Local democracy

To the editor:

I was at the last public meeting that Champlain Township organized regarding Colacem’s zoning change application to see a cement plant built on Highway 17.

I was impressed to see the number of citizens in attendance: 350 in the school gymnasium, standing room only and close to 100 outside the building.                                                                                                                                      It was clear to everyone that the majority of the Township’s residents were not in favour of the requested change to the county’s Official Zoning Plan. Not in favour of the proposed Cement Plant.
I was impressed to see our democratic process at work.                                                                                                                       I remember hearing Phil Arber indicate to council that he, who tirelessly worked to build his community, to encourage its sense of community and promote it far and wide, would no longer be able to do so, if Champlain Township was to vote for the zoning change.

I knew Phil as a man of his word and imagine how hard it must have been for him to say as much. Well, I have to say he would have been happy to see the Champlain Council at work on January 24.
I know that what would have impressed him most was the overwhelming decision of all but two councillors to do what good municipal level politicians are meant to do in a well functioning democracy: represent the views, interests and wishes of those who elected them to office. Nothing more, nothing less.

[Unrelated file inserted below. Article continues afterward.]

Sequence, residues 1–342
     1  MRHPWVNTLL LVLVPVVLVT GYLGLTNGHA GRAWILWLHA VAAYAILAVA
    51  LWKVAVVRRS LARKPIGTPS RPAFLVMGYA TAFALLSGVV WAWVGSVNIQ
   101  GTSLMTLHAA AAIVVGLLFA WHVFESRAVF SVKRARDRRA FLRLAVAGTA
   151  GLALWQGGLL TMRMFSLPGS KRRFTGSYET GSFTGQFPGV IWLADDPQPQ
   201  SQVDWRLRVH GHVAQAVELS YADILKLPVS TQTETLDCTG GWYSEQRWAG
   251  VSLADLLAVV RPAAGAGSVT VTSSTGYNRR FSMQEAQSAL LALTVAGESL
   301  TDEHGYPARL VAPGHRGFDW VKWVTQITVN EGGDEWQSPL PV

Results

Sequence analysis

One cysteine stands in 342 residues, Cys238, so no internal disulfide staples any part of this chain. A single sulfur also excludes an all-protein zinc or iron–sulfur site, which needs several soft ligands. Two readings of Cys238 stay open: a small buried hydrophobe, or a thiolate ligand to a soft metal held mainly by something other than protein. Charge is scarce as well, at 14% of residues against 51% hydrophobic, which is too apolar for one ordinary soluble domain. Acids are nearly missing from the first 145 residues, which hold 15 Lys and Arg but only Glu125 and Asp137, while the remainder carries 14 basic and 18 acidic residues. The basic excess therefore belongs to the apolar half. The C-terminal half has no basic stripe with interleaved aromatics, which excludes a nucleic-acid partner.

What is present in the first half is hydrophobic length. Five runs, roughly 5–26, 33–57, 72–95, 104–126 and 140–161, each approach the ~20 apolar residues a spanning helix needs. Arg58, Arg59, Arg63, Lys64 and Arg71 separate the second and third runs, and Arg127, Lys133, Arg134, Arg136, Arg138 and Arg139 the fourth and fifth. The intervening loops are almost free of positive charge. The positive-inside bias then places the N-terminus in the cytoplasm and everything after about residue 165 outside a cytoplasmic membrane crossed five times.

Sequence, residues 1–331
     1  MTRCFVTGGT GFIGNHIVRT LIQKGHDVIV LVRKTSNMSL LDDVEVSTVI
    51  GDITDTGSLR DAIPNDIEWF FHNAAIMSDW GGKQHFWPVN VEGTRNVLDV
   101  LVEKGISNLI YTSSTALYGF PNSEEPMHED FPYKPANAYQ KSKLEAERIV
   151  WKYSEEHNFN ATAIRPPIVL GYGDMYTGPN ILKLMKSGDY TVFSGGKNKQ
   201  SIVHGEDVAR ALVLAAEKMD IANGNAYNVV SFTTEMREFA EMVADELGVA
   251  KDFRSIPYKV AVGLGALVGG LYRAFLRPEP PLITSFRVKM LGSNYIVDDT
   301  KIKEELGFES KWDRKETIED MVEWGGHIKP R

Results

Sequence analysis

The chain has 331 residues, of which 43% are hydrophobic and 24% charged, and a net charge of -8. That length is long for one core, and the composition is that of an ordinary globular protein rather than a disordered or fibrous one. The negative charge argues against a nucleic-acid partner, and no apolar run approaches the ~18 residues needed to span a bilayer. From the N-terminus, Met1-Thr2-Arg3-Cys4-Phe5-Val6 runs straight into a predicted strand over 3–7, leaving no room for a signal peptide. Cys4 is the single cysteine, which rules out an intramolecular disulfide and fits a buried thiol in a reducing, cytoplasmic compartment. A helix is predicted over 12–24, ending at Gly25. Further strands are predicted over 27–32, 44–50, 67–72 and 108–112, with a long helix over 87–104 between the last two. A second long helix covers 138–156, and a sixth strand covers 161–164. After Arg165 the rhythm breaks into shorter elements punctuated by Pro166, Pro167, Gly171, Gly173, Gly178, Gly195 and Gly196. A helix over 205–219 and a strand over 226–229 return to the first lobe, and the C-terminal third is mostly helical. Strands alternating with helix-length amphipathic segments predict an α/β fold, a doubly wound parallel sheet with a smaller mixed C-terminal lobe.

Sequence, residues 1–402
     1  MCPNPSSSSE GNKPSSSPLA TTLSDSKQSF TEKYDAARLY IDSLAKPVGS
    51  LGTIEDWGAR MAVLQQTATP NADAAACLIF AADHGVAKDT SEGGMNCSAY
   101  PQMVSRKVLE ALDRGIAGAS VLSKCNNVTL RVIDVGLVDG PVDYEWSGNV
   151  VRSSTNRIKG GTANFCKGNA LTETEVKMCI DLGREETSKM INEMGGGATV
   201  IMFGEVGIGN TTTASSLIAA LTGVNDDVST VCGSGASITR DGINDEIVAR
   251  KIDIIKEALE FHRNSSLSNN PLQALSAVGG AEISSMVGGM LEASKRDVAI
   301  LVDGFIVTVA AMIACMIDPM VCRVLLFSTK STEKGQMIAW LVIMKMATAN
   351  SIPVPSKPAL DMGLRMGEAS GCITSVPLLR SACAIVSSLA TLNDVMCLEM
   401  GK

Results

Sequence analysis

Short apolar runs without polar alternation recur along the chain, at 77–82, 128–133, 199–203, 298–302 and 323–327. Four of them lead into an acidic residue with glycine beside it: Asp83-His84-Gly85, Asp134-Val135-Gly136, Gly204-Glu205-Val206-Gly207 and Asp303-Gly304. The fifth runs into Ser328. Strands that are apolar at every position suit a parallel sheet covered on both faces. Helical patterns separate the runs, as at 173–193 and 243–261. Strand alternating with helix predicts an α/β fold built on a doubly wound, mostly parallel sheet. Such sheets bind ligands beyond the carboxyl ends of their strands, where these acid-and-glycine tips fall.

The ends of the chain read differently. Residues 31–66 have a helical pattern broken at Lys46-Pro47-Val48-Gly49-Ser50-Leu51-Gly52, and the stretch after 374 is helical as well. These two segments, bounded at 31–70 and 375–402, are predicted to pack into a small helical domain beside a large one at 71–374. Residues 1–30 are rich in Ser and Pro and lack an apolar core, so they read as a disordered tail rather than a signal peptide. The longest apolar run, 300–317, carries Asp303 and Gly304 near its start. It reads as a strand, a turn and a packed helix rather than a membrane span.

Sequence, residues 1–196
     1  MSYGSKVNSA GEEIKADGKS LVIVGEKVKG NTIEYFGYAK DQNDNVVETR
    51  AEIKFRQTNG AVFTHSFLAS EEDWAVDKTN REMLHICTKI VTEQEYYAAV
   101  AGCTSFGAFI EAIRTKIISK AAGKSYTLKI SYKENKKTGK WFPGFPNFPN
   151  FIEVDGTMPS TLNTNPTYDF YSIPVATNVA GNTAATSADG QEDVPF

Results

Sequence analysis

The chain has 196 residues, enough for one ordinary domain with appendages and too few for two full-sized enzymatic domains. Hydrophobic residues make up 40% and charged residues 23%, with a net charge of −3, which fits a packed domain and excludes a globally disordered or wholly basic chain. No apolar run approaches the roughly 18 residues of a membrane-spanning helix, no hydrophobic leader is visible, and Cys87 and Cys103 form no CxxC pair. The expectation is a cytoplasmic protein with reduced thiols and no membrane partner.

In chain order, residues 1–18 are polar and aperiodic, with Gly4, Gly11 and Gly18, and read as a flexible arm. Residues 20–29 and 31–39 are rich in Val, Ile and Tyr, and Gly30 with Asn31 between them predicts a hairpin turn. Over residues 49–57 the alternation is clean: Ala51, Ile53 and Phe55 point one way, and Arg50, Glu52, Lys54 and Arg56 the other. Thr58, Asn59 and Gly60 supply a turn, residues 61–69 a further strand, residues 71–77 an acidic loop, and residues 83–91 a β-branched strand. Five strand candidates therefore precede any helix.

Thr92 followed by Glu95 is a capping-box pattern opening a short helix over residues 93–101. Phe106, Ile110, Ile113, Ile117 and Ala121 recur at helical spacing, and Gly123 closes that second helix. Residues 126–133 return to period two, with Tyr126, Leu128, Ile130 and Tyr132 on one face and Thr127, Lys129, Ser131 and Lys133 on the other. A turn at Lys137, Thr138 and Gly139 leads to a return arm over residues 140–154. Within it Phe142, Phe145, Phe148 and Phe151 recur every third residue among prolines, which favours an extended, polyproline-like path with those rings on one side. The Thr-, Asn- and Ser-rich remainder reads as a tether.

On the morning of the day that followed the Champlain Township’s decision, the Prescott-Russell Counties’ government, in less than ten minutes, and with no debate whatsoever, voted to ignore the decision of the Champlain Township and the clearly expressed wishes of the majority of the Township’s citizens. The one question raised came from Casselman’s mayor who asked if a cedar hedge would be planted on site to improve the curb appeal of the site. No more was asked, no more was said. No debate. Given that the Colacem submission clearly spoke to that matter, he obviously either didn’t read the Colacem submission, didn’t understand what he was reading or simply wanted to hear himself speak at the Counties’ meeting before he voted to dismiss his fellow municipality’s (Champlain) decision and instead support a zoning change.
While the municipalities most affected by the presence of the cement plant clearly stood in solidarity with Champlain, such was not enough to see the least affected of their peers vote to see the Counties accept the requested zoning change.
That said, I have a few concluding remarks.  I hope the decision will be appealed. That the Prescott-Russell Counties’ elected officials stop wasting the time that they do to read the Counties’ Mission statement at the beginning of their meetings when they so blatantly choose to ignore any allegiance to, or consideration of same in the proceedings that follow. This is particularly sad at the local municipal/county level of government where our elected officials are not tied to voting along party lines. Saddest of all, to me, is to see how little the voice of the people most affected means in what is a called democratic process. No wonder people lose faith in their leaders and cease exercising their right to vote. No wonder they believe that the only interests that count are those of large moneyed corporations. No wonder the word community means so little to so many.
Gary Champagne,

L’Orignal


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